Getting Started with zoltr

zoltr is an R package that simplifies access to the API. This vignette takes you through the package’s main features. So that you can experiment without needing a Zoltar account, we use the example project from, which should always be available for public read-only access.

Setting up your account

You need to have an account on Zoltar and be authenticated to the server in order to access data from the API. Once you have an account, we recommend storing your Zoltar username and password in your .Renviron file. In practice this means having a file named .Renviron in your home directory. (You can read more about R and environment variables here.) The lines of code in this vignette will work if you have the following two lines somewhere in your .Renviron file (where you replace your username and password in the appropriate locations). Note there is no space around the = sign:


Note that the Zoltar service uses a “token”-based scheme for authentication. These tokens have a five minute expiration for security, which requires re-authentication after that period of time. The zoltr library takes care of re-authenticating as needed by passing your username and password back to the server to get another token. Note that the connection object returned by the new_connection function stores a token internally, so be careful if saving that object into a file.

Connect to the host and authenticate

The starting point for working with Zoltar’s API is a ZoltarConnection object, obtained via the new_connection function. Most zoltr functions take a ZoltarConnection along with the API URL of the thing of interest, e.g., a project, model, or forecast. API URLs look like, which is that of the “Docs Example Project”. An important note regarding URLs:

zoltr's convention for URLs is to require a trailing slash character ('/') on all URLs. The only exception is the optional `host` parameter passed to `new_connection()`. Thus, `` is valid, but `` is not.

You can obtain a URL using some of the *_info functions, and you can always use the web interface to navigate to the item of interest and look at its URL in the browser address field. Keep in mind that you’ll need to add api to the browsable address, along with the trailing slash character. For example, if you browsed the Docs Example Project project at (say) then its API for use in zoltr would be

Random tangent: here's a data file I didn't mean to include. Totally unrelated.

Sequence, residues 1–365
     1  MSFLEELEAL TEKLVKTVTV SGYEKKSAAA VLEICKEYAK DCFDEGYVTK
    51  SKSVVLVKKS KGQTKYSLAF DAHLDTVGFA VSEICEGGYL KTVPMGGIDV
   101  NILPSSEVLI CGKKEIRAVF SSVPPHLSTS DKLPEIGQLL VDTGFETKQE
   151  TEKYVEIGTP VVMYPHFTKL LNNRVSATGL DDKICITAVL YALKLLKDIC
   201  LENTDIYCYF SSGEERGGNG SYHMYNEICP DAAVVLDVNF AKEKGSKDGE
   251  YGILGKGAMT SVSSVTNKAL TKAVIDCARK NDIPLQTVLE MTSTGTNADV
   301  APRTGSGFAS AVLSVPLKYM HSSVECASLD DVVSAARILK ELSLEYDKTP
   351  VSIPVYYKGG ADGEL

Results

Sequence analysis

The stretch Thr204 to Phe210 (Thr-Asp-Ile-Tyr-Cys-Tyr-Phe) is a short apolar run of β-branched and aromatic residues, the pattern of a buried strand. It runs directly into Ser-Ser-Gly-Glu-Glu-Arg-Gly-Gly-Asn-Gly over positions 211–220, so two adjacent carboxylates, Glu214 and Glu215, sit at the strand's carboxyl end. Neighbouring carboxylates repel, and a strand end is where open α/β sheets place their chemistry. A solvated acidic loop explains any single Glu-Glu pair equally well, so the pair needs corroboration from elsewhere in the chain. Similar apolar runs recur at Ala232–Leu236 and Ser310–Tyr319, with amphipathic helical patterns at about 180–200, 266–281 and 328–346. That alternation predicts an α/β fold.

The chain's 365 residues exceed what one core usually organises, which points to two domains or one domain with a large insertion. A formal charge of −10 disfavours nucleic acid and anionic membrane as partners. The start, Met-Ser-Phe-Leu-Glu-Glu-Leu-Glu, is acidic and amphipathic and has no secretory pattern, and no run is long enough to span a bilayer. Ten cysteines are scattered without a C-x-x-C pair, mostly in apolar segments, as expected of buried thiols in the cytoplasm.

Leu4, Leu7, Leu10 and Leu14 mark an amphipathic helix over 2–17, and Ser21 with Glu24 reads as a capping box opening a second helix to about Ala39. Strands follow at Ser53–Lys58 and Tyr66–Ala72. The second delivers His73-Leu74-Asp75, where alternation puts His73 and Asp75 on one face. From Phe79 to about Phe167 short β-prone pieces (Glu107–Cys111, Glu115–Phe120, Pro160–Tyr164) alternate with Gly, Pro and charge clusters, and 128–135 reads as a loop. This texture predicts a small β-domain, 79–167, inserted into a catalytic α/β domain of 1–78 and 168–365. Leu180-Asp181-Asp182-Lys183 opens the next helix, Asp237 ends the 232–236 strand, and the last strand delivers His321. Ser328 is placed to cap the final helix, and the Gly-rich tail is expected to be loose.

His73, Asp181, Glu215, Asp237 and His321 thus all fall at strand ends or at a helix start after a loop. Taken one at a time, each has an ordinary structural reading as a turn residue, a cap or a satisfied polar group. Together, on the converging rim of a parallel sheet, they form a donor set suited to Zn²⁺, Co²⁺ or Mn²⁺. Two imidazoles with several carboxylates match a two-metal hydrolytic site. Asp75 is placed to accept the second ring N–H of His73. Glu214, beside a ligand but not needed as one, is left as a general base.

zoltar_connection <- new_connection()
zoltar_authenticate(zoltar_connection, Sys.getenv("Z_USERNAME"), Sys.getenv("Z_PASSWORD"))

Get a list of all projects on the host

Now that you have a connection, you can use the projects() function to get all projects as a data.frame. Note that it will only list those that you are authorized to access, i.e., all public projects plus any private ones that you own or are a model owner.

the_projects <- projects(zoltar_connection)
#> 'data.frame':    8 obs. of  10 variables:
#>  $ id                   : int  44 218 238 4 9 41 6 239
#>  $ url                  : chr  "" "" "" "" ...
#>  $ owner_url            : chr  "" "" "" "" ...
#>  $ public               : logi  TRUE TRUE TRUE FALSE TRUE TRUE ...
#>  $ name                 : chr  "COVID-19 Forecasts" "2020 Election Forecasts" "ECDC European COVID-19 Forecast Hub" "Impetus Province Forecasts" ...
#>  $ description          : chr  "The goal of this repository is to create a standardized set of data on forecasts from experienced teams making "| __truncated__ "This project stores forecasts from multiple election forecast sites, including FiveThirtyEight and the Economis"| __truncated__ "The goal of this repository is to create a standardized set of data on forecasts from experienced teams making "| __truncated__ "Impetus Project forecasts for real-time dengue hemorrhagic fever (DHF) in Thailand. Beginning in May 2017, this"| __truncated__ ...
#>  $ home_url             : chr  "" "" "" "" ...
#>  $ time_interval_type   : chr  "Week" "Week" "Week" "Biweek" ...
#>  $ visualization_y_label: chr  "Weighted ILI (%)" "Votes/voteshare (percent)" "Weighted ILI (%)" "DHF cases" ...
#>  $ core_data            : chr  "" "" "" "" ...

Get a project to work with and list its info and models

Let’s start by getting a public project to work with. We will search the projects list for it by name. Then we will pass its URL to the project_info() function to get a list of details, and then pass it to the models() function to get a data.frame of its models.

project_url <- the_projects[the_projects$name == "Docs Example Project", "url"]